We start with normative reasons.
We start with motivating reasons.
There are perhaps two reasons for this.
So not all normative reasons are internal reasons.
With respect to moral rights, specifically moral reasons are among these reasons.
Public reason liberals often argue that reasons should be shared but say little about what it means to share reasons.
But the mystery may be normative rather motivational if we assume, following Kant, that moral reasons are categorical reasons.
When Dancy says that reasons are (putative) facts that agents take to favour their actions, he is talking about motivating reasons.
To be perfectly rational is to have one’s agency shaped by the reasons that bear on one’s agency in the way that those reasons dictate.
This may even provide a promising analytical hypothesis about what claims about reasons mean, or reductive hypothesis about what reasons are.
It is important to clarify that reasons internalism is a thesis about normative (or justifying) reasons, not about motivating (or explanatory) reasons.
But there are, in addition, “explanatory” reasons, reasons that explain an action without necessarily justifying it and without being the reasons that motivated the agent.
Why should one even care that moral reasons align with deontology if the important reasons, the all-things-considered reasons that actually govern decisions, align with consequentialism?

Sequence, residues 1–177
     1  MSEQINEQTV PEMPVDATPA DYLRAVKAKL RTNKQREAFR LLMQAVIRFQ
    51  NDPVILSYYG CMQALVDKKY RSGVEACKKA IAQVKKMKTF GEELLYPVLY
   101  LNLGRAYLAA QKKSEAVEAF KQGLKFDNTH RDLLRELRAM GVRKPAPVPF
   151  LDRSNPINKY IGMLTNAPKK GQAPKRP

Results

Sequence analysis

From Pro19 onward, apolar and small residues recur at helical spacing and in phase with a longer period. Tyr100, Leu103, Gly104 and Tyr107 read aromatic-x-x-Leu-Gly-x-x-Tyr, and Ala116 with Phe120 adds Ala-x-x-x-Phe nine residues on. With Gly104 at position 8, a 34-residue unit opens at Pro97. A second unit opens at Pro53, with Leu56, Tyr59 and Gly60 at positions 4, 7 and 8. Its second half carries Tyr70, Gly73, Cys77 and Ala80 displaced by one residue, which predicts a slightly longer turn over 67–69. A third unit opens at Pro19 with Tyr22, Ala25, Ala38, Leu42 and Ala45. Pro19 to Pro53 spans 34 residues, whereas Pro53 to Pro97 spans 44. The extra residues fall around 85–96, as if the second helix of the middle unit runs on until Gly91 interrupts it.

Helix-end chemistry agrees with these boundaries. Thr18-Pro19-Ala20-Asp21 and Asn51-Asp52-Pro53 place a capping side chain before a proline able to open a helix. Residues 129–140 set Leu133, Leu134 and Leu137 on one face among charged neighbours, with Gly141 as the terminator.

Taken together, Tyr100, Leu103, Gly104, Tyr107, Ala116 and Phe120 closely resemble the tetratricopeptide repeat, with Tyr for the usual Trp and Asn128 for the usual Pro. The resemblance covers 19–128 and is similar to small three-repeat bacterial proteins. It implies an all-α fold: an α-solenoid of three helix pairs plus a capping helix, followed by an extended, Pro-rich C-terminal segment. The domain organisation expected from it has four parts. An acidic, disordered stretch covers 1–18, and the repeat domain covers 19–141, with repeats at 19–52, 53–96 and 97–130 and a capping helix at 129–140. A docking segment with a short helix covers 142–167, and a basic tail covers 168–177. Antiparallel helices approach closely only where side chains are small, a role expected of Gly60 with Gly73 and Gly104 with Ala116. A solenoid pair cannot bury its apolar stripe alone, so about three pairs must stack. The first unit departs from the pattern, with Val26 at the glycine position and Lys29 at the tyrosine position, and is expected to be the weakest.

(Other, more local practices have to accommodate reasons that come from outside the practice; for instance, in chess, the object of the game is to win, but I may have personal reasons for not playing to win.)
In an influential early discussion of reasons for action, Donald Davidson (1963) observed that a common form of explanation of why an agent acted as she did involves citing the reasons she had to act that way.
A ‘reasons externalist’ is someone who rejects reasons internalism, maintaining that at least some reasons for action are not connected to motivation in the way reasons internalism claims.
If internal reasons could be simply derivative from external reasons, and external reasons could be independently explained, then Actual State reasons internalism will have very little traction on these grounds.
The particularist picture is one which takes moral reasons to operate in ways that are not noticeably different from the way in which other reasons function—more ordinary reasons for action, say, or reasons for belief rather than for action.
The focus will be on reasons for acting—what are commonly called “practical reasons”, leaving aside questions that are specific to other reasons, for instance, reasons for believing, wanting, feeling emotions, and having attitudes, such as hope or resentment.
Externalists often appeal to the parallels between practical reasons (reasons for action) and epistemic or theoretical reasons (or reasons for belief) to make their case against certain forms of internalism, particularly the Humean Theory of Reasons (Millgram 1996).
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